Takeaway: Takeaway: Gold broke out of @Hedgeye’s immediate-term TRADE resistance level of $1285 on Thursday
Gold's refreshed immediate-term TRADE risk range is $1285-$1336 with intermediate-term upside to TREND resistance at $1381.
With the +3.4% gain week-over-week the consumer is lucky he won't be eating gold at the dinner table this weekend. Unfortunately, the CRB food index appreciated +3.10% to +22.8% YTD.
The repetitive call to front-run the Fed’s response to worse-than expected data undoubtedly manifest this week:
- Headline CPI on Tuesday printed +0.4% vs. +0.2% expected (inflation accelerating)
- Full-year GDP forecast from the Fed downwardly revised for the SEVENTH year in a row (growth slowing):
- 2.1-2.3% from 3.0% (predictable response)
- 2015 estimates held constant (possibly foreshadowing an 8th year?)
As inflation accelerates, and growth expectations decrease, the likelihood of an easier fed increases. We believe Thursday’s session was anything but coincidental:
- Gold Surges 3.44%
- Spot Volumes: 62%, 52%, and 49% above 1, 3, and 6-Month averages respectively
- The 1-Week negative correlation tightens significantly to -0.91.
- The 1, 3, and 6-month correlations have remained in the -0.60s from the March top in the Euro
Divergences in the equity market between consumer-based growth and inflationary sectors continues:
- XLE (+13.5% YTD); XLU (+14.9%)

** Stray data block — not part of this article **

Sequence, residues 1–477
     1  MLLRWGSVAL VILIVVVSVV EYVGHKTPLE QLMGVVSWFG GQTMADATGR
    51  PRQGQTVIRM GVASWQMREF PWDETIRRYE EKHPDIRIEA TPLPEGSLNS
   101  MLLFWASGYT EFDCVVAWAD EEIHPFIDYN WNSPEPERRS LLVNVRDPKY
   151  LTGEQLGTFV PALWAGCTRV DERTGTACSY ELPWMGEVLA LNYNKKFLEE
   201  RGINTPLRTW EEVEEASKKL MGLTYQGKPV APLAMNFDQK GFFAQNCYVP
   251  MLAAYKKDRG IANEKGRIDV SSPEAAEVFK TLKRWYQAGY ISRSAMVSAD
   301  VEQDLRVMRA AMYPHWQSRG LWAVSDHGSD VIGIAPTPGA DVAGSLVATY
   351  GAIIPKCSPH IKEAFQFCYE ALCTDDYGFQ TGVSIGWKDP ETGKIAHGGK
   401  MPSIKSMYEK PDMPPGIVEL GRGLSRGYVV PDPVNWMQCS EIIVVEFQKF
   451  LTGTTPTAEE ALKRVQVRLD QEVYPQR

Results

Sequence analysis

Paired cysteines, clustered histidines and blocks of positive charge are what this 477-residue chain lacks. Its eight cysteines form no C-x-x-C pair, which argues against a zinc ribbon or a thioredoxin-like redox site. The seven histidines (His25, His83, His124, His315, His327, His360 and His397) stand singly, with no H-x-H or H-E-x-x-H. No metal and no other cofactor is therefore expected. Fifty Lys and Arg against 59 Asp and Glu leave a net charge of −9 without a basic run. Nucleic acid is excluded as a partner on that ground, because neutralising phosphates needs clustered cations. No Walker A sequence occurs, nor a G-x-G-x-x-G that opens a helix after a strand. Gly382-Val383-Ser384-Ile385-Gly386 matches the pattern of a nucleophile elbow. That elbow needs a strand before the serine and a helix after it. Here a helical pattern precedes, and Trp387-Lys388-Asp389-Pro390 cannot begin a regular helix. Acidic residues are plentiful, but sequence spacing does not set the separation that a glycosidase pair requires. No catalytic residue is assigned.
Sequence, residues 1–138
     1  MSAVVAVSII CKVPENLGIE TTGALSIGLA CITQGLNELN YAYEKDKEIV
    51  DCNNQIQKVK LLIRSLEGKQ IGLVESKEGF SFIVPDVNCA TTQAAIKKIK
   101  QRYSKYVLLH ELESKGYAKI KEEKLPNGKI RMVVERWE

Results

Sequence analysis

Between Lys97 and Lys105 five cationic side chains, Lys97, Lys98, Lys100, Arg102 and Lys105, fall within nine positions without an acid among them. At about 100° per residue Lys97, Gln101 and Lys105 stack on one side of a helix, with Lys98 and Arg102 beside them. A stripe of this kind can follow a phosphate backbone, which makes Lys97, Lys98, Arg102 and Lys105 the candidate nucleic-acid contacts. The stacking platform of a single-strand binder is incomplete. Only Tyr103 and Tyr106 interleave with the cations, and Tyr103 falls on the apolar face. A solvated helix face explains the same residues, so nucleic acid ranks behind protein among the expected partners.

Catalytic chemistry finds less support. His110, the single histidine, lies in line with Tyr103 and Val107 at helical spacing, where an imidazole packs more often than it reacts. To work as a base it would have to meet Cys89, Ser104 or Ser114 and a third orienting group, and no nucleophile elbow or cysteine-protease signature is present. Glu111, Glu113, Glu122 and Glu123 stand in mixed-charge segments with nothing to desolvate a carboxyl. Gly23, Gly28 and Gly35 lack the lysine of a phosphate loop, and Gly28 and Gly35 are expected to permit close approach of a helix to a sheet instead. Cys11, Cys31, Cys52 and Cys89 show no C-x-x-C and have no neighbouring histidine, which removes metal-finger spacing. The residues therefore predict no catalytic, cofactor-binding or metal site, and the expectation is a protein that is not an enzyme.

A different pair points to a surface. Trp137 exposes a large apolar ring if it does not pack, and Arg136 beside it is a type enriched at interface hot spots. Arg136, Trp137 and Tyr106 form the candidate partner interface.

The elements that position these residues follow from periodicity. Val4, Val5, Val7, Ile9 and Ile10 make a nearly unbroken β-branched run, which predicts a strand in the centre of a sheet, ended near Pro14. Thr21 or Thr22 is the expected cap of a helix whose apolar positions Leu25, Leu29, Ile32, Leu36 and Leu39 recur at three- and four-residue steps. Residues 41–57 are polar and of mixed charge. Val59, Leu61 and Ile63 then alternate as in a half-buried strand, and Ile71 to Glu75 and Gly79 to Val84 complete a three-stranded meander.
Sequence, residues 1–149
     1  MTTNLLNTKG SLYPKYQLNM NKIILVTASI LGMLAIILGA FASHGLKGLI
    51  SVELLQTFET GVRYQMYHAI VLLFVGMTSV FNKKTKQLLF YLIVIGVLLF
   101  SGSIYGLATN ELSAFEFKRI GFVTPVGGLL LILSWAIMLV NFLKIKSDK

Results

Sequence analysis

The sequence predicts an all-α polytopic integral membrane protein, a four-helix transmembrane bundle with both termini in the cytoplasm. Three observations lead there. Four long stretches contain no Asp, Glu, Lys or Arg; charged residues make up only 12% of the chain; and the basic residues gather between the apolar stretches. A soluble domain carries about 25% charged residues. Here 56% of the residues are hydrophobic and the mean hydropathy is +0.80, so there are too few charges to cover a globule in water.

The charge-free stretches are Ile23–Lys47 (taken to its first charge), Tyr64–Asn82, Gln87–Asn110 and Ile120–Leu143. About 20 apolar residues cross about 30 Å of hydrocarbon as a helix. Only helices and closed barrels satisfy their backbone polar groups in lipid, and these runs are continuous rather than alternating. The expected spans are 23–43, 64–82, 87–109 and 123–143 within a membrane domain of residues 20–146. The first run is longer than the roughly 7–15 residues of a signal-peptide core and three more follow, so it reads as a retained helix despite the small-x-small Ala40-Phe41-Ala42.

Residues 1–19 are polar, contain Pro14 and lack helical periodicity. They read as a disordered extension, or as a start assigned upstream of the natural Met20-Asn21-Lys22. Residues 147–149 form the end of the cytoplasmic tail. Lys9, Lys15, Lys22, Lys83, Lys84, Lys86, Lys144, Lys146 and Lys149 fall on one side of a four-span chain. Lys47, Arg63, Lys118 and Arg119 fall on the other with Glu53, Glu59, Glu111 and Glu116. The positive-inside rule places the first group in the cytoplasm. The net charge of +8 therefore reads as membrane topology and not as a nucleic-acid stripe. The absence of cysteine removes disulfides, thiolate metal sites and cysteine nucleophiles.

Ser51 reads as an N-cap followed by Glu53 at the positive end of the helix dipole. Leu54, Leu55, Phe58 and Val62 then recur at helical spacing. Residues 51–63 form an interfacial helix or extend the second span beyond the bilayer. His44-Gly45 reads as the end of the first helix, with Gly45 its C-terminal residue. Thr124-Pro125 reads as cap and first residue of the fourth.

- XLY (-1.00%)
- SPX (+6.1%)
American consumption habits remain the driving force in our economy. Open-ended discussions on the flow through from fed policy, to credit growth, to spending are regularities on our team. We are continuously stuck with the assumptions from central planners:
Last ten Years:
- Trailing 1-year personal savings rate: -9.0%
- Median consumer net income margins have decreased over last 5 years of data availability (Net Income % After-Tax Earnings--> BLS PCE survey):
- 2008: 1.88%
- 2009: 1.94%
- 2010: 1.94%
- 2011: 1.61%
- 2012: 1.38%
- U.S. Private Sector Real Hourly Earnings Growth (Y/Y % Change): -43.7%
- USD Index: -10.0%
- CRB Index: +16.44% (+11.7% YTD)
Unfortunately U.S. dollar devaluation and commodity inflation require fiscal subsidization when the wealth effect does not flow-through in the assumed capacity. Sure, the top 20% with the opportunity to own fixed assets and chase inflation in stock and commodity markets continue to take a larger portion of the total "wealth creation" from interest, dividends and property related income. This increase in wealth would arguably induce more spending. Reiterating the aforementioned point, exploring the validity of the central government’s assumptions on the trickle-down effect of a monetary increase is paramount to understanding the state of the consumer. Our analysis suggests the assumptions are much too high. More easily observed is the basket of goods we consume everyday:
Despite the Fed’s revision yesterday, consensus expectations for growth in 2H remain comparatively optimistic in our opinion. We continue to like utilities, treasuries, and commodities on the long-side.
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Takeaway: 73% believe Gold is headed to $1500; 27% see downside towards $1100.
How high can gold go? If we’re right and the inflation-accelerating-slows U.S. growth setup is similar to 2011, gold can go a lot higher.
“Reality is that very few of the world’s savants made Gold one of their top Global Macro LONG positions in 2014,” Hedgeye CEO Keith McCullough wrote in today’s Morning Newsletter. “It’s still nowhere in the area code of consensus. And yesterday it broke out above @Hedgeye immediate-term TRADE resistance of $1285/oz.”